…holds 7-hour brainstorming with maritime stakeholders
In a bid to address the financial burden limiting infrastructural projects in the maritime sector, the Minister of Marine and Blue Economy, Adegboyega Oyetola, CON, has proposed Public-Private Partnership (PPP) models to transform the sector.
Oyetola disclosed this during an engagement with industry stakeholders today (Tuesday), even as he reassured the Ministry’s commitment to the growth of local shipping, especially in ship construction, maintenance, and repairs.
Speaking at the Ministry’s first Stakeholders’ Roundtable Engagement on Advancing Sustainable Development in Nigeria’s Marine and Blue Economy sector, Oyetola expressed optimism that the recommendations will chart a roadmap that will advance the industry’s potential, promote sustainable investments and ensure global competitiveness.
According to him, a collaborative synergy between the private sector efficiency and the public sector’s oversight, will bring about transformative impact on the marine and blue economy as well as boost the creation of substantial job opportunities and increased trade and investment in the nation.
In a bid to explore the headway for the sector, several roundtable groups were created to discuss Blue Governance; Transforming Port Operations; Enhancing Port Infrastructure; Inland Waterways; Ship building and repairs; among others.
“This Engagement Forum is crucial to the development of the sector as it offers an opportunity for us all to collectively contribute our perspectives, ideas and offer relevant inputs that can propel the sector to the trajectory of success necessary to support the development of the economy as well as meet the expectations of Mr. President who took the courage to open up Nigeria to focus on the Blue Economy value-chain,” he said.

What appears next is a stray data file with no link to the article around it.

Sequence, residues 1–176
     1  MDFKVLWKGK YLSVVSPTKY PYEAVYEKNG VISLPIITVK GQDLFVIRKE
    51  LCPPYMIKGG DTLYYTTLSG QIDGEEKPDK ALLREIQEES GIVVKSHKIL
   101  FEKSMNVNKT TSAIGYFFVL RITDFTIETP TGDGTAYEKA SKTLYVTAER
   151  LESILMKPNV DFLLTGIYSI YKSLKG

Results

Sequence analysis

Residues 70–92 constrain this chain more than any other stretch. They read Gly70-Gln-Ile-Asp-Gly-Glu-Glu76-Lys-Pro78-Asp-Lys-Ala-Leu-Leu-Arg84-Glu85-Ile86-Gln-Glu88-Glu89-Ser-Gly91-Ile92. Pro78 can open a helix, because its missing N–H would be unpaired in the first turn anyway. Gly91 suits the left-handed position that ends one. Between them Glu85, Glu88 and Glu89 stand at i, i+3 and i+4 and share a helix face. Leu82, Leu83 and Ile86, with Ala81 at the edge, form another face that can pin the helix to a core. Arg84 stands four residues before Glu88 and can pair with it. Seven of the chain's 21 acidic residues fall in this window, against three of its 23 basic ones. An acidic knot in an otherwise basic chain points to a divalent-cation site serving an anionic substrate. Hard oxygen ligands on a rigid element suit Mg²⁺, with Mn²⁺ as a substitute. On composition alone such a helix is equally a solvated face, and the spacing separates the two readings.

Oyetola observed that although the Ministry is new, it will not rest on its oars, while he also pledged to foster inter-agency collaboration and implement initiatives to promote port efficiency, cargo shipment, maritime security and tap into the resources of the seabed.
“The Ministry’s decision to consider the re-establishment of a National Shipping Line, through a strategic PPP arrangement, is borne out of our desire to capture a substantial share of the estimated $10 billion annual ship charter market within the country.”
“This initiative will not seek to impede the growth of local players but rather to provide an avenue for them to create and extract more value from the sector, especially through ship construction, maintenance, and repairs. This would enable our local businesses to better leverage the Carbotage Act, which gives Nigerians the exclusive right to control locally generated seaborne trade,” he said.
Like the Blue Economy Minister, News Diet correspondent also sat through 6-hour laborious brainstorming exercise and will publish some of the intriguing views and recommendations of the respective roundtable groups in the next few days.
The Chief Executives and top directors of all agencies under the Ministry were present and private sector stakeholders ranging from ship-owners to freight forwarders, barge operators to manning agents, ship chandlers to marine engineers, maritime lawyers to master mariners, among others.